Looking up from the seat and to the right I noticed there are more piles of stone. Now, I wonder if they will be used to extend the wall further up or for another garden structure. I guess I’ll just have to make a return visit to see :-D







With just five minutes until the garden closed I had to head away. Yes, I have to say initially I was a tad disappointed at the early stage this prairie was in but that all changed to excitement knowing I had been very fortunate to see it at this stage. I will have my photos to chart this prairie as it grows which is also a huge bonus.



Last glances across this North American Prairie at Cambo reveal the variety of plants growing in it. From the bold, to the delicate and the ones that will attract insects there is a wonderful mix of plants. What did the sign say again… wow… 126 species!











Mossy earth and dock leaves (dockens) were the final (and first) plants that caught my eye in this area. I’m guessing this will be either barked or have gravel covering it on my next visit. Although, perhaps they have other plans for it… we’ll just have to wait and see.



Time up, the garden was closed and I headed away. Now, I wonder what you fav image was from this part of Cambo… mine’s easy. No, its not the seat... your'e on the right lines though! Hands down… it’s the ball of twine and all the promise it holds :-D



Ah… finally you can rest your weary eyes! I’m done now with Cambo until next weekend if you’d like to join me once again. However, if you’ve followed all my links to the inspirational plantings at Cambo and you’ve still enough stamina for more…

I’ve one last (but my no means least) link for you. July 2008, The Millennium Garden at Pensthorpe in Norfolk, England… designer… Piet Oudolf. Enjoy! Oh... forgot to mention... I've video from there too :-D


All photos shown above were taken by me at Cambo during September 2009.

23 comments:

sweet bay said...

All of those Snowdrops are beautiful! I love the Potager too. I imagine the prairie will be something to see too once it gets some maturity.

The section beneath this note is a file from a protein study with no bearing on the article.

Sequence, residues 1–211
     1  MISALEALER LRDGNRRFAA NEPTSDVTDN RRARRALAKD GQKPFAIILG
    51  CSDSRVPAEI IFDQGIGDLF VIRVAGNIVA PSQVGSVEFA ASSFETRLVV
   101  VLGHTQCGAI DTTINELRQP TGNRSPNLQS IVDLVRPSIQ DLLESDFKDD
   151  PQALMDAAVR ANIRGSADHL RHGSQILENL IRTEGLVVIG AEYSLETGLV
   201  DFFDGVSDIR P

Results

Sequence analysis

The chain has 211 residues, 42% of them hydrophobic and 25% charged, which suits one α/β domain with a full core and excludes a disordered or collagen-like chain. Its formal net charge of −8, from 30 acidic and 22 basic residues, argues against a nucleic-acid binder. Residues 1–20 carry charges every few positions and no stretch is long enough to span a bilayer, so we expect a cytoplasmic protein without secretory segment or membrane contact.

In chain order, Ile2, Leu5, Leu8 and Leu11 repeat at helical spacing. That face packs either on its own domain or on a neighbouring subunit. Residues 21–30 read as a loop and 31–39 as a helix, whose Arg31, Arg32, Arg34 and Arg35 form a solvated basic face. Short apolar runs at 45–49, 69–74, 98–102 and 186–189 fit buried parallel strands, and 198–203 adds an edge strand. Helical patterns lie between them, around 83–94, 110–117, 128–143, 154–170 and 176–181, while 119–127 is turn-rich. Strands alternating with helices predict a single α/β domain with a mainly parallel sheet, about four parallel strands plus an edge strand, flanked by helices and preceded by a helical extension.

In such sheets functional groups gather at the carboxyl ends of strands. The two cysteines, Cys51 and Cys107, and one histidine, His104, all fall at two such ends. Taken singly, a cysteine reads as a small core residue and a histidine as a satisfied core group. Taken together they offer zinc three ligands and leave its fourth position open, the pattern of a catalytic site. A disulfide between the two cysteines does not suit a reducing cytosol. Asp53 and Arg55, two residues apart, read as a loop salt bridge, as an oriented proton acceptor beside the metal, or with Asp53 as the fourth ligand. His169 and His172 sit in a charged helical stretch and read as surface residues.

Karen - An Artist's Garden said...

It will be so exciting to back in late summer / early Autumn this year to compare - I can understand that at first glance it may have been a tad disappointing - but how interesting to see it at this stage, I am so glad you wrote this post.

Karen - An Artist's Garden said...

PS - That's a lot of gravel - was it straight on the earth - or have they got a membrane underneath it?
K

shirl said...

Hi again Karen, it certainly will be very interesting to see this area later on in the year. I guess more photos to come them too ;-)

Yes, the first drift of planting for my eyes to feast on were the dock leaves and from the level of this path I didn't take in there were young plants there. It was just such a contrast of the areas just minutes before. Thanks, I’m glad in the end I wrote it this way too :-)

Yep… that certainly was a lot of gravel… guessing they didn’t use barrows ;-) Yes, it did appear to be straight on the earth. I certainly didn’t see any signs of membrane on the edges.

BTW, It's fun reading the Malvern meet buzz. Poor Helen… you can understand her panic too. I’m sure you’ll all have a fantastic time. I see Yolanda, Frances and Gail are joining you now too. Brilliant :-D

shirl said...

Hi again sweet bay, delighted you followed the links to the snowdrops. It was a wonderful sight :-D

That Potager was very special wasn’t it? Now, next weekend I’ve an update on this area! Oh… I’m very sure the planting combos in this new prairie will be very special too :-D

ShySongbird said...

It looks like the beginning of something very special there Shirl and as you mentioned it is great that you have early photos, it won't be long before you see a big difference.

My favourite was the stone seat, I thought that was really lovely, so simple and natural.

Shady Gardener said...

What a wonderful tour. And what a great prairie they've begun. :-)Is this close enough that you could visit again before too long, to see the progress? I think by the end of the tour, I'd have been ready for a second "cuppa!" Thanks, Shirl! :-)

Midmarsh John said...

That reminded me of my visit last March to a new nature reserve near me. Very disappointing at first glance with newly cleared areas and fresh growth just starting.

I really liked the idea natural looking seating though probably not the most comfortable resting places in cold weather.

Lisa at Greenbow said...

I love that stacked wall and seat.

easygardener said...

It will be interesting if you go back to see the Prairie garden once it has become established - No instant reality gardens here :-)
The Potager was amazing - I loved the dark coloured Kale.

Gail said...

it's going to be a wonderful prairie garden...I almost got homesick for summer looking at the blooms! I loved the stacked stone seating...aren't people gifted! Any chance you'll go to Malvern? gail

Anna said...

I imagine that the prairie will be spectacular in a couple of years. Will be back with my specs to have a good linger at the links soon :)

HappyMouffetard said...

I look forward to seeing the garden grow and your journal of its changes over time.